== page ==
“Thanks to your intrigue with Lady Purity, we are subject to all manner of vicious slander. Lady Innocence came to me this morning, convinced that I had asked the Prince to send Lady Purity away. Despite my denials, nothing has stemmed the rumors of your dissatisfaction and my jealousy.”
Hope lay back on the sofa and put up his feet. “You knew that this would be difficult, Grace. I need to take advantage of my proximity of the Prince and use my influence, before he begins another war. It’s nearly impossible to get him alone, though. Lady Purity is the Prince’s mistress, so when she came to me, I was obliged to take advantage of the opportunity.”
I dropped onto a chair and put my hand to my head. “She was the Prince’s mistress- so of course he sent her away.”
“I just need to rally. Lady Purity isn’t the only one with the Prince’s ear. Of course, if I anger him enough, perhaps he will call me in to berate me.”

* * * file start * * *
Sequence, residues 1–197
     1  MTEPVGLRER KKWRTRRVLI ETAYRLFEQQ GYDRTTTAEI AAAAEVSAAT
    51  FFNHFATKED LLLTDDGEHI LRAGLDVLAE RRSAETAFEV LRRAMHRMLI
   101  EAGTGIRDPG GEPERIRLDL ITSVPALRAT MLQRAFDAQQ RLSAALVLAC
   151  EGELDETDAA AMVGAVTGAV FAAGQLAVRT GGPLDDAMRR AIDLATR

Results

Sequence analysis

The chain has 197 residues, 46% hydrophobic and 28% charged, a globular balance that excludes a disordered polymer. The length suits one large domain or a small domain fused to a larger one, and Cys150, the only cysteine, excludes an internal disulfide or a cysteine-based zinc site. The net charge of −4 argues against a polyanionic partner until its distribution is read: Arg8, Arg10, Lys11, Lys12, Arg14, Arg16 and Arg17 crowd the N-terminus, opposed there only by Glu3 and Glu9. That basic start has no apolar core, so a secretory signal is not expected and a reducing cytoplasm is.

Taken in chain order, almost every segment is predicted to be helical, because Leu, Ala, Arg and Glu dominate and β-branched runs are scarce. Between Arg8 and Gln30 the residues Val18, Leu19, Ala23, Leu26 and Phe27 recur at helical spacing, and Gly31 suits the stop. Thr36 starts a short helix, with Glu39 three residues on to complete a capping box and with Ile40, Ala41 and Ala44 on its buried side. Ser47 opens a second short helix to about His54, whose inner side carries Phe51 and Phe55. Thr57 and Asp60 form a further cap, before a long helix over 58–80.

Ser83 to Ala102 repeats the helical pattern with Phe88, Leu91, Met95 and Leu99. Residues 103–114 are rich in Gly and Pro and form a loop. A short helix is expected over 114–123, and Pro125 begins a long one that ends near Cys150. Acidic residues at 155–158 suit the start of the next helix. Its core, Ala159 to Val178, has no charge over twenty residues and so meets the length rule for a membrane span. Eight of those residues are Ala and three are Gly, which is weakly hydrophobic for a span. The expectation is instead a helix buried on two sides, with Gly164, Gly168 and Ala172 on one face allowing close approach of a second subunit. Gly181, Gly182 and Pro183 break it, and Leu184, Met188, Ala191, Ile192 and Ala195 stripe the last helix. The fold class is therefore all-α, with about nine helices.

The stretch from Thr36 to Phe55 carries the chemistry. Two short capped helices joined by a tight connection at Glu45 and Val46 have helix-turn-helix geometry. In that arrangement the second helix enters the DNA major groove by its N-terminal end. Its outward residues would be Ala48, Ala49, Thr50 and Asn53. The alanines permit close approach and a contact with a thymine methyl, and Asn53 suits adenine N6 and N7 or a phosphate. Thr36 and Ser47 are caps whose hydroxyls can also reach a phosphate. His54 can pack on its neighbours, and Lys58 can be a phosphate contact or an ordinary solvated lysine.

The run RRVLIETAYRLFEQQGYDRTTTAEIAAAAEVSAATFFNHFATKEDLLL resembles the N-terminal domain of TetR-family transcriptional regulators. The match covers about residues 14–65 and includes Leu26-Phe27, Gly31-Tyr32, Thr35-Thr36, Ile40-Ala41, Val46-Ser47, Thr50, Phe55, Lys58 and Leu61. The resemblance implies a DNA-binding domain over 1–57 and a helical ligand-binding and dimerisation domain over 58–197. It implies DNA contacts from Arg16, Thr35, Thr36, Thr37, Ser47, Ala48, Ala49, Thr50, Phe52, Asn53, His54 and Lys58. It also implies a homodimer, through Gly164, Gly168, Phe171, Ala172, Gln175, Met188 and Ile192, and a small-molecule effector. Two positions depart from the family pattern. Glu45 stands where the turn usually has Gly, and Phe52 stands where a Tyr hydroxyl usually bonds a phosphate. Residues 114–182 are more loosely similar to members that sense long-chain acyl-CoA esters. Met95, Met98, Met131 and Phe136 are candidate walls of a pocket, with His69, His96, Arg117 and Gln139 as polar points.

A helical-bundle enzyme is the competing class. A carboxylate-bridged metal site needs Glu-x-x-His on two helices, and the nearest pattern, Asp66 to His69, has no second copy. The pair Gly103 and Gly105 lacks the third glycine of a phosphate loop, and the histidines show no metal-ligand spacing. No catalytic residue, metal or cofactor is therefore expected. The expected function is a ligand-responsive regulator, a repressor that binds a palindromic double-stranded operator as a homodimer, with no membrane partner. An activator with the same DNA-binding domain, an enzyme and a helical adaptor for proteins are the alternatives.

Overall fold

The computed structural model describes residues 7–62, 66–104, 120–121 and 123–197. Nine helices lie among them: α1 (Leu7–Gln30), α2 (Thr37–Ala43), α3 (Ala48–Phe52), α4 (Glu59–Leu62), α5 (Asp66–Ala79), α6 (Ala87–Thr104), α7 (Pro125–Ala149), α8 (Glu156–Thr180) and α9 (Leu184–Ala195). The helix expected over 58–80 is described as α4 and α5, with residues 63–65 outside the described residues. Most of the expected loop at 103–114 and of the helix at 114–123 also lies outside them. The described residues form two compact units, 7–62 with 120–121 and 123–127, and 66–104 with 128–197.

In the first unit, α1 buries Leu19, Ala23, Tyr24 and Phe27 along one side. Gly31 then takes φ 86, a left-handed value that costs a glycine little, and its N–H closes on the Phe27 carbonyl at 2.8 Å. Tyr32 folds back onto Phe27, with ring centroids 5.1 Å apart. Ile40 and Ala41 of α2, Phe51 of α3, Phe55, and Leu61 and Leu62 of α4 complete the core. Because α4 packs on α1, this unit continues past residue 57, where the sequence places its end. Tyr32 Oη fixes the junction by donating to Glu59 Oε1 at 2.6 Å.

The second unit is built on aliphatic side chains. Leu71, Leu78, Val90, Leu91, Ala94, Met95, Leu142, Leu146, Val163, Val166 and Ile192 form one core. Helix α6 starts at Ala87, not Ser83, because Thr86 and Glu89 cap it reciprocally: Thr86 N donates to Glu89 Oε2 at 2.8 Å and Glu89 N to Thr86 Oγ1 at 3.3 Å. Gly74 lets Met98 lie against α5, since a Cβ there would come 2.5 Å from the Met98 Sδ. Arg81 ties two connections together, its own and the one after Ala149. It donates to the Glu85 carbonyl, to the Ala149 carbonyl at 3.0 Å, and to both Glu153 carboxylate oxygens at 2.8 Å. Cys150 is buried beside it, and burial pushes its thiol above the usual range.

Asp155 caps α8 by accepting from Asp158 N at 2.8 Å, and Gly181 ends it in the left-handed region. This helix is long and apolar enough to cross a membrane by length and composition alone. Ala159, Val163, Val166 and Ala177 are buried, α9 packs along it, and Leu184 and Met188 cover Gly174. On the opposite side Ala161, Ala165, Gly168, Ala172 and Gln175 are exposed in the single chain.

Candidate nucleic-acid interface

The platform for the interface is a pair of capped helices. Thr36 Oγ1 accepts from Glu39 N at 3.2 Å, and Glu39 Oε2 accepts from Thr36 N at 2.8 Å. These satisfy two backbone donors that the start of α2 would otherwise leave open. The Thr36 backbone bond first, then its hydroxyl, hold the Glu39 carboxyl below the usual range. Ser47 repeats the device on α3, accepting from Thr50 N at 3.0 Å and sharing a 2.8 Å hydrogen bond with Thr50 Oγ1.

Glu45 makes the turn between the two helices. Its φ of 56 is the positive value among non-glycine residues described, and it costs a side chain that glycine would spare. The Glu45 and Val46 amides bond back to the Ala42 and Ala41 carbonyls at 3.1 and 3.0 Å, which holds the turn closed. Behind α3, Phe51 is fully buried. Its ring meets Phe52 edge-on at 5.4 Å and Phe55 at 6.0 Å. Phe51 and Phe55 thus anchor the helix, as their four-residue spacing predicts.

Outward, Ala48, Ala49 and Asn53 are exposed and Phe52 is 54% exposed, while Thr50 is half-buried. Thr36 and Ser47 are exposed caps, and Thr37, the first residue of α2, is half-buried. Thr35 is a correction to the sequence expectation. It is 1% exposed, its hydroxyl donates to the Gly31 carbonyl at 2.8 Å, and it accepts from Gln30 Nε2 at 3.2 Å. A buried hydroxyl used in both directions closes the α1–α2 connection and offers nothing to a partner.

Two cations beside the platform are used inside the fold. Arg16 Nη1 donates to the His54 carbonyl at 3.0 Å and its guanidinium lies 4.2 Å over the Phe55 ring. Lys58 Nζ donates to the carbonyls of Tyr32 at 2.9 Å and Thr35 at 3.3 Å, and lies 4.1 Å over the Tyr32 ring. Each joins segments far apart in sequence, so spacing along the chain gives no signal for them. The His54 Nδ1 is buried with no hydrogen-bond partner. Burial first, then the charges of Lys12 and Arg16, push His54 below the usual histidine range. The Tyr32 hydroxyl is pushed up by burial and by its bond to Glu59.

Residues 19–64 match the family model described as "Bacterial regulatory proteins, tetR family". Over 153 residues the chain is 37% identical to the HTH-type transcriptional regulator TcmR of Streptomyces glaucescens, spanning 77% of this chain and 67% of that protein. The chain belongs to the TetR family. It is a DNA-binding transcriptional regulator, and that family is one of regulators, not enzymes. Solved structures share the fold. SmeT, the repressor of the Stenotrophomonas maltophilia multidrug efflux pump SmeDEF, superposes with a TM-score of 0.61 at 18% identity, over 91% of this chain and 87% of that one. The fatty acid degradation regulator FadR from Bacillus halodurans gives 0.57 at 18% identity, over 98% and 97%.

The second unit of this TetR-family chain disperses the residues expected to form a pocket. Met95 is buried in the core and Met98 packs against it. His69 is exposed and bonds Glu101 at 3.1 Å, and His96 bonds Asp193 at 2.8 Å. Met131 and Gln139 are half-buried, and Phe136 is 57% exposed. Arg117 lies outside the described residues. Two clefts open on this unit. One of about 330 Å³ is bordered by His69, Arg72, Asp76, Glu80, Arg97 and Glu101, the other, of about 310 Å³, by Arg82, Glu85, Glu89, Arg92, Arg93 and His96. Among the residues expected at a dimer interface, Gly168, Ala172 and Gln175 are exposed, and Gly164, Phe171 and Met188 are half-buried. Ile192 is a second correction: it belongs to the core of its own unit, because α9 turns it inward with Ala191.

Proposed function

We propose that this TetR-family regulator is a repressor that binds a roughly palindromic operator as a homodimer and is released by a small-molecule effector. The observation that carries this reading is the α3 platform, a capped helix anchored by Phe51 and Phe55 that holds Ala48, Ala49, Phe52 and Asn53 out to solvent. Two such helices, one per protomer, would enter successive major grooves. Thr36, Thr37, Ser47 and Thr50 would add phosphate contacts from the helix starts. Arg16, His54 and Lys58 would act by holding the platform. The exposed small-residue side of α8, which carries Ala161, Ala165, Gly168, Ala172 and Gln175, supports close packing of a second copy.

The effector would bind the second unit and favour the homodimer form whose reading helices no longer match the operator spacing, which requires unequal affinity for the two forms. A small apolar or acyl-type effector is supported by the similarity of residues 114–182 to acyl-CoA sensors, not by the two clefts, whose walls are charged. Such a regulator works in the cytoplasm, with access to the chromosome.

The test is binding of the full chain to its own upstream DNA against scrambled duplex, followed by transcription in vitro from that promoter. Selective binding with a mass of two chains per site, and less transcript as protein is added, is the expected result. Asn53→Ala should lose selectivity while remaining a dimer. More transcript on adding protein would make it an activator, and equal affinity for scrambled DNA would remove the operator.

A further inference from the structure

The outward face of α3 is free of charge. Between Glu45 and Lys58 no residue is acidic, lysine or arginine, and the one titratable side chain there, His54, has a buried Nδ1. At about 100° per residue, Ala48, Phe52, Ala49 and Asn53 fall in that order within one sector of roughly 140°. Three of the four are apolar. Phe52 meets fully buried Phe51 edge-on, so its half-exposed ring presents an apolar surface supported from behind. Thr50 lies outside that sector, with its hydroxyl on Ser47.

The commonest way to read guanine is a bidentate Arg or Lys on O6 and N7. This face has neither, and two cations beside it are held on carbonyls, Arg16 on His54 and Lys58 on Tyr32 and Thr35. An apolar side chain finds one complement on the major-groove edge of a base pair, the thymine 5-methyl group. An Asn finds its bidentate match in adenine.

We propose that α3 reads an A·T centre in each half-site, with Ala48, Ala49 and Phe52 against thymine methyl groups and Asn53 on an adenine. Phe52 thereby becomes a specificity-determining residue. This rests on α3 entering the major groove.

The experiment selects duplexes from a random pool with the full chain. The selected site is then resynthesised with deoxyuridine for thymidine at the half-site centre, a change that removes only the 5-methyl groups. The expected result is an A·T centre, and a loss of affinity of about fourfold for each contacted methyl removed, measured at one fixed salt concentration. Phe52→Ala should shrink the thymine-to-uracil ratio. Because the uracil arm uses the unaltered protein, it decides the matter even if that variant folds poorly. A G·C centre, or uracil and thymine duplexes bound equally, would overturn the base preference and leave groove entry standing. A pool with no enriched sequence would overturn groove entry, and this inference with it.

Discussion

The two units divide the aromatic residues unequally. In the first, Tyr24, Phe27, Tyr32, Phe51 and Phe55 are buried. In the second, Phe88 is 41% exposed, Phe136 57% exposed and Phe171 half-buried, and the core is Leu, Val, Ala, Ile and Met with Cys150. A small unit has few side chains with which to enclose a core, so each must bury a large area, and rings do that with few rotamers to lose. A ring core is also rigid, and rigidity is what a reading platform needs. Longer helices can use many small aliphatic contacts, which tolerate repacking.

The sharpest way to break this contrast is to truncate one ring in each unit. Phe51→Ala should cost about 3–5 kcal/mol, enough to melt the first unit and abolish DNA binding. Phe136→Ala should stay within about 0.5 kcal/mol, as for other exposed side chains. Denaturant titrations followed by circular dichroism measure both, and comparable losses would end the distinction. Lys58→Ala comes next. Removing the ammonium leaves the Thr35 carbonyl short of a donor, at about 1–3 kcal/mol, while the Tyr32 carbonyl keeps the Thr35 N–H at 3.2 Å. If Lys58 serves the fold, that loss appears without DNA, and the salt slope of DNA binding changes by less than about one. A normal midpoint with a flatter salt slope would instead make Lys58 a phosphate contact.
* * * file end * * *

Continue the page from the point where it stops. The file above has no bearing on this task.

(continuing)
“Do you know who told him about the tryst?”
Hope’s mouth stretched into a maddening smirk. “I would hardly call our encounter a tryst. I took her behind the library, at the edge of an empty field, and mesmerized her. The only people in the library at the time were you and Miss Taris.”
I opened my mouth to protest my innocence, but Hope waved his hand to silence me.
“I trust you, Grace, and I know you aren’t so petty you would tell the Prince. I know nothing about Miss Taris.”
“Miss Taris couldn’t have seen you, though. She was in the back of the library, hiding behind the tall shelves.”
“She could hear Lady Purity and me, just as I could hear her cries.”
I stood and began to pace, trying to clear my head. My headache lingered, and as the scent of roses grew ever stronger, I felt almost dizzy.
“I have been presented to the Prince, so why must I remain? Why can’t I leave you to your intrigues?”
“The Prince wishes for you to remain. He and your father want something from you.”
I turned back to Hope, but I spun too fast. My knees buckled, but Hope rose and caught me before I hit the floor.
“Grace- are you unwell?”